Title: Selective heterogeneous acid catalyzed esterification of N-terminal sulfyhdryl fatty acids Authors
Submitted to: Meeting Abstract
Publication Type: Abstract Only
Publication Acceptance Date: May 4, 2011
Publication Date: May 4, 2011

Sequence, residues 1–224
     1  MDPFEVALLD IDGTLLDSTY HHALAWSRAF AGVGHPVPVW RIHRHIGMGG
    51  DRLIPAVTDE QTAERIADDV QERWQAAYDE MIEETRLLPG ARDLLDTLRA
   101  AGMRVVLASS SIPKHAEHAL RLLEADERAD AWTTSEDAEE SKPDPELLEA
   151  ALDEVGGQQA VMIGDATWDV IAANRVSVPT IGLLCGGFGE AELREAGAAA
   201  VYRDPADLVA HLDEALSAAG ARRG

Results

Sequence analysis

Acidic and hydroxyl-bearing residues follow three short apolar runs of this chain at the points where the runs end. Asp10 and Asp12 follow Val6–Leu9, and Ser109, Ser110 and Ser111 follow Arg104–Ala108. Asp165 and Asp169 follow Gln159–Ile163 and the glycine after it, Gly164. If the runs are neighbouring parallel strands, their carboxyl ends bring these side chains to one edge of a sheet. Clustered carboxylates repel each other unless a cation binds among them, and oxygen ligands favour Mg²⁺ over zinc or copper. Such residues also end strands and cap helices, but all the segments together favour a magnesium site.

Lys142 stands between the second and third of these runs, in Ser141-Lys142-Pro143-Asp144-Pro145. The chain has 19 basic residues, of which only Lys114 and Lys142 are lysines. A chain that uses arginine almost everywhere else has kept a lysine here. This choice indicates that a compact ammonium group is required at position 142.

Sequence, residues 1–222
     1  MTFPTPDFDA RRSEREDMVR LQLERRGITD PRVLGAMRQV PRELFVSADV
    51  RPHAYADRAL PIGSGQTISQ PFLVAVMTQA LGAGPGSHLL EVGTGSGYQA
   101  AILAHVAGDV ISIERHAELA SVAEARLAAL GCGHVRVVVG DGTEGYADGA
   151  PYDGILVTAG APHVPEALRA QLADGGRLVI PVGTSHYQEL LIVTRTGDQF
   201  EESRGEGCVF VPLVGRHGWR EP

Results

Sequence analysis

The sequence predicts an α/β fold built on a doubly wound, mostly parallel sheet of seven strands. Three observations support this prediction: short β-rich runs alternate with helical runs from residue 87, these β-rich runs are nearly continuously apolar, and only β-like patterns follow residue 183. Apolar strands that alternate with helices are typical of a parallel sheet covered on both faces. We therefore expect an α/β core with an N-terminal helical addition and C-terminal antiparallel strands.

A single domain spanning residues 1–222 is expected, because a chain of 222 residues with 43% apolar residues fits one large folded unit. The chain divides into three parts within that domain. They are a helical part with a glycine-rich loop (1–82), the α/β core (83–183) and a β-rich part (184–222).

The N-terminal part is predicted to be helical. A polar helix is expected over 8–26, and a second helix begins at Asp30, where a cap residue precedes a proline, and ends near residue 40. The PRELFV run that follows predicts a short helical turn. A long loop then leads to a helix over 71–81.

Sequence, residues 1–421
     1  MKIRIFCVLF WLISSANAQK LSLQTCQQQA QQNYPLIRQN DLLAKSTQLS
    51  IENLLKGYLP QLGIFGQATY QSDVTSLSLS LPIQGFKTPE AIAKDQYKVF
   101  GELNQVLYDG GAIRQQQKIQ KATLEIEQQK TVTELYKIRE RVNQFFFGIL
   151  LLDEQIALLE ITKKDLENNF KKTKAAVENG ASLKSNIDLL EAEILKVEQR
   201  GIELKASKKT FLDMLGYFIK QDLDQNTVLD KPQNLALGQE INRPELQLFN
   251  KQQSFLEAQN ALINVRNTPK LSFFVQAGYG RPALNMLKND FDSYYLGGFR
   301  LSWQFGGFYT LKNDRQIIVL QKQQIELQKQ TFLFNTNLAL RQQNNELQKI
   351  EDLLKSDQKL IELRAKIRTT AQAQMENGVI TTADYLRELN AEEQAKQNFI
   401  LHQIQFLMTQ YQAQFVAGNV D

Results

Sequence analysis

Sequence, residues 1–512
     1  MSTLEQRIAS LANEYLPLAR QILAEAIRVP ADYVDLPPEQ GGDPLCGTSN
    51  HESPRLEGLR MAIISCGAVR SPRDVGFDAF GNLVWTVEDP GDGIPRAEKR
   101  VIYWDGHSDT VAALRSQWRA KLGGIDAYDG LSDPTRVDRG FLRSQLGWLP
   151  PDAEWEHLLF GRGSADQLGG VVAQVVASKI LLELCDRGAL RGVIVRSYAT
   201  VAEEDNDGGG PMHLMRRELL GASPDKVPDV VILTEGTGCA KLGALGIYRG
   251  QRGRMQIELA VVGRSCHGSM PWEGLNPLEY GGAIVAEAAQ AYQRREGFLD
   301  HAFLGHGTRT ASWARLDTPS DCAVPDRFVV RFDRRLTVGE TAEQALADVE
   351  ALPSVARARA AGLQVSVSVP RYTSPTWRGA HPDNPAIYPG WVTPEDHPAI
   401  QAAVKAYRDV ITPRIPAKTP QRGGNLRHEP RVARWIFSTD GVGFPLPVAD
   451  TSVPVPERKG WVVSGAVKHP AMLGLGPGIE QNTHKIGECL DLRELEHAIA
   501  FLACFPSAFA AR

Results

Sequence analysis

Citation: Compton, D.L., Jackson, M.A. 2011. Selective heterogeneous acid catalyzed esterification of N-terminal sulfyhdryl fatty acids [abstract]. American Oil Chemists' Society. p. 77. Technical Abstract: Our interest in thiol fatty acids lies in their antioxidative, free radical scavenging, and metal ion scavenging capabilities as applied to cosmeceutical and skin care formulations. The retail market is filled with products containing the disulfide-containing free fatty acid, lipoic acid. These products are promoted for the disulfide-containing fatty acid’s beneficial effects towards wrinkle prevention, acne, and rosacea, all claims which are empirical and not clinically proven. Regardless, the skin care industry is starved for additional, naturally derived thiol fatty acids and derivatives. Mercapto fatty acid esters are useful intermediates en route to thiol containing structured lipids and are more efficient substrates than their corresponding acids when used in nonaqueous, enzymatic transesterification processes. Most N-terminal mercapto fatty acid esters are not commercially available and literature methods to the mercapto acid esters describe the catalysis with strong acids, which catalyze reactions at the N-terminal sulfydryl group, resulting in low yields and unwanted side products. Two mesoporous silicas functionalized with propylsulfonic (SBA-15-PSA) and arenesulfonic (SBA-15-ASA) acid groups, and a highly acidic, functionalized styrene divinylbenzene copolymer ion exchange resin (Amberlyst-15) were examined for their ability to catalyze the ethanolic esterification of the N-terminal sulfydryl fatty acid, 11-mercaptoundecanoic acid (MUA), without catalyzing unwanted side reactions at the sulfhydryl group. All three solid acid catalysts catalyzed the MUA esterification in excess ethanol. The activation energy for the catalytic esterifications were determined from 50 to 75°C, resulting in apparent Ea of 54, 71, and 59 kJ/mol for SBA-15-PSA, SBA-15-ASA, and Amberlyst-15, respectively. GC-MS analysis determined that all three catalysts produced near quantitative conversion of MUA to its ethyl ester with very little reactivity towards the sulfhydryl group. This was a marked improvement over the esterifications catalyzed by sulfuric and p-toluenesulfonic acids which produced thiothers and disulfide side products. The MUA ethyl ester synthesis was demonstrated on a gram scale at 70°C catalyzed by Amberlyst-15, and the desired product was isolated in 80% yield at > 95% purity with a minimum of purification.